The problem with this statement is that Publishing is very difficult to confine to one type of content or delivery vehicle. It is vast enough to encompass not just books and journals, but every website, blog, newspaper, magazine etc.
For the sake of this article, I will restrict the definition to Book Publishing.
There has been a lot of speculation about the future of book publishing ever since a major book publisher powered by unarguably one of the largest tech companies in the world, shut shop.
With this the so-called bubble about book publishing burst, or so the world tends to believe.
To understand book publishing, one needs to slice the term so that it comes down to manageable slices. Books are not books are not books.
There are broadly a handful of categories that books can be
They are both from the point of view of the content and the audience that consumes this content. Below is a brief view of the classifications and their general future as I see them.
Trade publishing includes fiction and non-fiction content
This by far is the largest and most glamorous segment of publishing. It is easily identifiable with big names, big advances, big ticket sales and of course mass following.
The two genres of fiction and non-fiction while clubbed together have vastly different audiences even though many times these audiences seem to overlap.
Fiction is read for sheer pleasure and to “pass the time effectively”.
In the past, there was great demand for this sort of content simply because there were very few avenues for personal entertainment and pleasure.
The smart phone that was supposed to revolutionize book reading is actively killing it by providing competing content. This competition comes in the form of videos, podcasts, and movies. All of these are available at the click of a button and are for more engaging to today’s audiences than books are.
There will always be an audience that will read books especially in print. But pricing will play a big part in determining sales.
The likes of Amazon have sweetened the pot for retail customers in a manner brick and mortar stores can’t. It’s difficult to say if the golden era of these books has passed but the reality with Westland shutting down is clear; this genre doesn’t have the scale nor the profitability to interest a
giant like Amazon.
Non-fiction is read to enhance knowledge and learn about the nuances of a particular subject. However, today YouTube videos are a better option especially since they come in bite-size portions. Again, the avid reader will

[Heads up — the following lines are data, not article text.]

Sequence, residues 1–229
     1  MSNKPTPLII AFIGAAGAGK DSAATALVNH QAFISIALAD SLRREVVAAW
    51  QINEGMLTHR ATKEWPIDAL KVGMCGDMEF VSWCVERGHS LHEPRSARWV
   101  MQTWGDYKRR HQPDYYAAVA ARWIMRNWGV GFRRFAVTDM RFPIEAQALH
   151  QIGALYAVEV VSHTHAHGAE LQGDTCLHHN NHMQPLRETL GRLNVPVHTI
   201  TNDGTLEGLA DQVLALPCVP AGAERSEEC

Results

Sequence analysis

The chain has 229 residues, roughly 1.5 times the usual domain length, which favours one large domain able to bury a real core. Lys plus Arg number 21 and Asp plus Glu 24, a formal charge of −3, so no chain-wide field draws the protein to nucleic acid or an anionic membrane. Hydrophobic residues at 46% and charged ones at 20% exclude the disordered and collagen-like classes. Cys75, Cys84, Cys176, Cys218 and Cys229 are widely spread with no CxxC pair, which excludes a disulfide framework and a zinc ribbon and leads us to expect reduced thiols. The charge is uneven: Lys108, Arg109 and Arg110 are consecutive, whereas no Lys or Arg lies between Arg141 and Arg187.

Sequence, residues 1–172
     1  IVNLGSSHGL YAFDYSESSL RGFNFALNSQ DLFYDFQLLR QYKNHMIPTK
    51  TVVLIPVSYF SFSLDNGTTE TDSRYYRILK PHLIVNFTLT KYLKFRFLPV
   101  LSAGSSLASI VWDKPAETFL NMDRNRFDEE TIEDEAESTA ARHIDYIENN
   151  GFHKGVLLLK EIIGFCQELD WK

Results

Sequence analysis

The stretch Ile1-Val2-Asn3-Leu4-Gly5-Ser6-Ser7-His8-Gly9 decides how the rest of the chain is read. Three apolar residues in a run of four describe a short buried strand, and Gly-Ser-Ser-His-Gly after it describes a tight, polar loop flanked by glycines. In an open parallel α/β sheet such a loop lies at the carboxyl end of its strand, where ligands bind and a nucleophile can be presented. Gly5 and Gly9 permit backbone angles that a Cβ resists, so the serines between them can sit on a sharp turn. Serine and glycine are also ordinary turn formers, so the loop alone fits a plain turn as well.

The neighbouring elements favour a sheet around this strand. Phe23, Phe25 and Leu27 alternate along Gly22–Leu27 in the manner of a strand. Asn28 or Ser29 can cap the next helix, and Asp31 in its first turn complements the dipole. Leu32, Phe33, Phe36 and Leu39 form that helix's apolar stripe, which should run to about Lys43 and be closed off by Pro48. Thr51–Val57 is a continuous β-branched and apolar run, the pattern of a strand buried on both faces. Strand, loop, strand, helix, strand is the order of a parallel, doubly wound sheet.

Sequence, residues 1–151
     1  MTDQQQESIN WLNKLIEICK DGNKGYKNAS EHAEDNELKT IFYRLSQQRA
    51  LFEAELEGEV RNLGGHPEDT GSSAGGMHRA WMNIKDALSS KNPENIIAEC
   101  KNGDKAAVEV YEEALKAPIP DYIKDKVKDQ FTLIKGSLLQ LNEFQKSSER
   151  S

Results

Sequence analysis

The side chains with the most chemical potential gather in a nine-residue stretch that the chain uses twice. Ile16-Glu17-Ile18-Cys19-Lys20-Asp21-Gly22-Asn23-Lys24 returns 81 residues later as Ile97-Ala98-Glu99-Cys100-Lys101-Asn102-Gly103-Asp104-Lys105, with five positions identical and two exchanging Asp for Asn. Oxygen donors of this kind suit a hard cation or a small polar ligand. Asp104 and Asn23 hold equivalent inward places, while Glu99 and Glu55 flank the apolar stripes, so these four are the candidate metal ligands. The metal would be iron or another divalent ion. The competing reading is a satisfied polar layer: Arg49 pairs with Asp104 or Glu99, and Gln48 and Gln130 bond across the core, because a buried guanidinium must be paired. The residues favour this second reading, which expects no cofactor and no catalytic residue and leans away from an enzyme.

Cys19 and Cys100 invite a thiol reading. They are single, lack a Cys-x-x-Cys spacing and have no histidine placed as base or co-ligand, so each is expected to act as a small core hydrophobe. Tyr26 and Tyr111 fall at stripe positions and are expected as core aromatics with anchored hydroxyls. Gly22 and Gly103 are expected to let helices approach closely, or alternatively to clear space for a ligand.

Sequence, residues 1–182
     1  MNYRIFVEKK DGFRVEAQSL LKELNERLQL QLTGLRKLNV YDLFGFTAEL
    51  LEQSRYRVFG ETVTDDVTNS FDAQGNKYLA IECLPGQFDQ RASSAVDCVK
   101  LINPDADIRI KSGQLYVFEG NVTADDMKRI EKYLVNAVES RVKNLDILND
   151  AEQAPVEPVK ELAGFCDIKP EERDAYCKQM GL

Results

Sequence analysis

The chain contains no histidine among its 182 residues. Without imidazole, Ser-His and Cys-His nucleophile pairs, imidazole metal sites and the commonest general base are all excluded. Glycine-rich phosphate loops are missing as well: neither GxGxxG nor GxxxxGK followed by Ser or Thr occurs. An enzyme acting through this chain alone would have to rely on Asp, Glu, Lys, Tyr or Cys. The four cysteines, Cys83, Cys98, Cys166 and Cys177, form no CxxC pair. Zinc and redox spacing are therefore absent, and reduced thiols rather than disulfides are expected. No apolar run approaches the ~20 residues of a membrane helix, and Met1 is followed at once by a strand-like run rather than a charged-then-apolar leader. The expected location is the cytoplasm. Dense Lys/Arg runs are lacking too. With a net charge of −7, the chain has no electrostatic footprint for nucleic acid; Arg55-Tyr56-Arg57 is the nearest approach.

remain but this population is also on a steep decline.
Academic or Reference publishing
Most global publishers have shut down this division. There still exist a minuscule number of publishers both in India and abroad. But this genre is near its expiry date.
There are many factors that contributed to this end. Wikipedia was given the most credit.
With Open Access journal publishing gaining traction latest research is available for free.
The few publishers still dabbling with this genre will move to Open Access or sponsored publishing since these books don’t make commercial sense in their traditional format. There remains a demand within libraries, especially in India where separate budgets are allocated for procuring e-books.
This is perhaps the most interesting genre and one that has the most confusion around it. Traditionally a standalone textbook was used to teach a course.
Then came add-ons such as quizzes, pop-cards and guides. This group of resources continued to flourish and depending on pricing were accepted by most audiences.
In the last decade we saw the Textbook++ model taking shape. Learning Management Systems (LMS), Content Management Systems (CMS) etc integrating and supporting the learning eco-system. With this came the thrust towards digital delivery.
The pandemic ensured that digital deliveries became the mainstay. With the lifting of curbs, there is some return of print but it is too early to believe that we are back to pre-Covid levels or if we will ever return.
With the Textbook++ model gaining acceptance, globally universities moving towards long distance course delivery, various up-skilling digital platforms gaining traction, the textbooks industry is set to undergo quantum changes.
No one can predict how this will eventually pan out, but what is safely believed is that digital content is here to stay and players who recognize this are going to greatly benefit from it.
(Vivek Mehra is Chairperson, SAGE India)